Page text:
Rick Atkinson has won this year's Pulitzer Prize for history for his book "An Army at Dawn: The War in North Africa, 1942-43." It's the first volume in a planned three-book series on the Allied liberation of Europe during World War II.
This is the third Pulitzer Prize for the Washington Post writer, who's currently embedded with a U.S. Army division in Iraq. Speaking with VOA's Nancy Beardsley after his book was published, he told her his interest in World War II began during his childhood years in Germany, where his father was a U.S. Army Lieutenant.
Rick Atkinson: Growing up on an Army post in the 1950s and 1960s, World War II was really a living presence. It was very much part of the culture. And then I was the Washington Post bureau chief in Berlin in the mid-1990s, and I was there for that endless succession of 50th anniversary commemorations, and that really sparked my interest anew. One of the things I came to realize was that the story is bottomless. Some scholars calculated that the entire archive of World War II records and other material weighs 14,000 tons. And there are wonderful things to discover, as I have discovered.
In this case my feeling was that Americans in particular have a notion that World War II started on June 6, 1944 with the invasion of Normandy. Well, it really begins in North Africa where the United States with our British allies invaded, on November 8, 1942, 60 years ago, and that was the first blow struck in the liberation of Europe.
Nancy Beardsley: Beyond the fact that it was the first stage of the war, what made those battles in North Africa so significant?
Atkinson: One of the things that makes them significant is it is where the American army first confronts the Wehrmacht, the German military. And we were unprepared. That extended not only to individual men in foxholes, who didn't really understand what they were coming up against. It also extended to the commanders. Eisenhower was really quite callow. He'd never led a platoon in combat. And so there's a lot that needs to be sorted out, finding who can command, who can lead men in the dark of night in very cold, harsh, bitter conditions. So all of this has the effect of hardening the troops who are there and turning them into the kind of army that's capable of beating the German army, which is at this point the best in the world.
Beardsley: And it was a controversial decision to begin the fighting there. Why was it that ultimately the Allies launched their battle there?
Atkinson: You look back and think what were we doing in North Africa? If the plan is to defeat the Germans and Japanese, why not go straight for Berlin and Tokyo? And that's exactly what the American high command wanted to do. Winston Churchill and the British, having been kicked out of Europe three times by the Germans at this point, say, 'Wait a minute. These Germans are much tougher than you think. They've got 25 divisions in France alone. Wouldn't it be better if we attacked on the periphery?' Among other things, it would open up the Mediterranean. It would give the American fighting men some experience against a foe that's not as tough as German forces in Europe, because at this point the Vichy French controlled Northwest Africa. President Roosevelt listened to these arguments, and Roosevelt, contrary to the advice of all of his senior commanders, including General Marshall, sided with the British, and decided in late July of 1942, we're going to North Africa.
Beardsley: And this would be where the Anglo-America alliance would be forged. How well did that work?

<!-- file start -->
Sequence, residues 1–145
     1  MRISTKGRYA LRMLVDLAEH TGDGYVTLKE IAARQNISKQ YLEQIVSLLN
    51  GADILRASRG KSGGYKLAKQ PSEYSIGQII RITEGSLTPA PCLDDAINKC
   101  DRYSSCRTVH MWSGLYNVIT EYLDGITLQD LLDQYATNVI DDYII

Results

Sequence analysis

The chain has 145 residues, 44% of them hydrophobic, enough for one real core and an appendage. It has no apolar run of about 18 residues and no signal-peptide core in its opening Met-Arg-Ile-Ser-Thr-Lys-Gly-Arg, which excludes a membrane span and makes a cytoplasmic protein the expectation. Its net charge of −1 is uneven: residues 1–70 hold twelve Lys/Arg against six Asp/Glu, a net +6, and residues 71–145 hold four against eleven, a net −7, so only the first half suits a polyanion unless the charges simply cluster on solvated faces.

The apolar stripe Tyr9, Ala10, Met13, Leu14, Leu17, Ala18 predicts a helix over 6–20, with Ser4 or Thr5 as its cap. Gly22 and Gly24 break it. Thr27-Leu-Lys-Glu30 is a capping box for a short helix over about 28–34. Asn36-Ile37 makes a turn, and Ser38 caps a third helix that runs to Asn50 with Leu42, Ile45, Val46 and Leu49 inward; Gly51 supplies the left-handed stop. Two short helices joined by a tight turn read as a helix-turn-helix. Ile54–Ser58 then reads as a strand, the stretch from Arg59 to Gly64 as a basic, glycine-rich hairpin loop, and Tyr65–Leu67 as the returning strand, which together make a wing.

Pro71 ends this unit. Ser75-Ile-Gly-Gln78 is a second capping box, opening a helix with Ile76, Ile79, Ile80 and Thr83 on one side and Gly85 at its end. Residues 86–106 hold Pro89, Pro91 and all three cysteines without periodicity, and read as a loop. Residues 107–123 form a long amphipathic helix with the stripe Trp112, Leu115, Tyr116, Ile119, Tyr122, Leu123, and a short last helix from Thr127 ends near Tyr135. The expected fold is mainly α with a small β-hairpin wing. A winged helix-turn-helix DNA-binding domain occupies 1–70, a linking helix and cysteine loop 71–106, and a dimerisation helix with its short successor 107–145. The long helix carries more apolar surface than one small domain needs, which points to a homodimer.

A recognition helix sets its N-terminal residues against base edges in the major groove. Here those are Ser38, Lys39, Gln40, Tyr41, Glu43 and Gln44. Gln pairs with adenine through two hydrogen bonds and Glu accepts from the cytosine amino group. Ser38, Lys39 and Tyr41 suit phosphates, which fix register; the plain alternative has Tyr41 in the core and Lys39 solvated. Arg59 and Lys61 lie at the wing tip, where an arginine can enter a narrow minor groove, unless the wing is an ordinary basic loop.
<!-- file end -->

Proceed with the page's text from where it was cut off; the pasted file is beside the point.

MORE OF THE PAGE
Atkinson: It's very interesting. We think that we've always been close friends with the British, that they've always been shoulder to shoulder allies. In fact, you find a deep Anglophobia in the senior ranks of the American army. Part of this is because they're fundamentally 19th century men. Patton born in 1885, Eisenhower in 1890, and they have a residual dislike for the British because we had not that long before fought two wars against them, the Revolution and the War of 1812. It's Eisenhower's greatest achievement that he was able to overcome this narrow-mindedness that so beset almost every general in the American army, as the alliance turns into what we come to think of as the Anglo-American alliance of World War II.
Beardsley: And then there were the French, whom we were fighting both against and with?
Atkinson: Most Americans don't know that our first foe in fighting for the liberation of Europe was our oldest friend, the French. We fought the French in pretty bloody fighting for three days, November 8, 9 and 10, 1942. This is because the French still had control of their colonies in North Africa - Morocco, Algeria and Tunisia, as part of the deal Hitler cut when he conquered France in the summer of 1940. The French eventually capitulated, and another thing you see in the campaign in North Africa for the rest of the winter and into the spring is the French aligning themselves with the Allies.
Beardsley: Did you find some critical points that would eventually tip the fighting in the Allied favor?
Atkinson: There are several events that occur in Tunisia in 1943. The great defeat at Kasserine Pass occurred beginning on February 14, 1943, when General Rommel launches a sneak attack on the American forces trying to drive the whole Allied force back into Algeria. He came very close to doing that. It was the greatest defeat in terms of yardage lost in World War II for the American army. Rommel didn't have the wherewithal to pull it off completely. He was physically ailing. He suffering from depression. He was short of fuel, short of ammunition. Consequently, even though it was a bad defeat for the American army, it's not a strategic defeat. And it's at this point you really see the Americans in particular come to the realization that this is an enemy that can be beaten.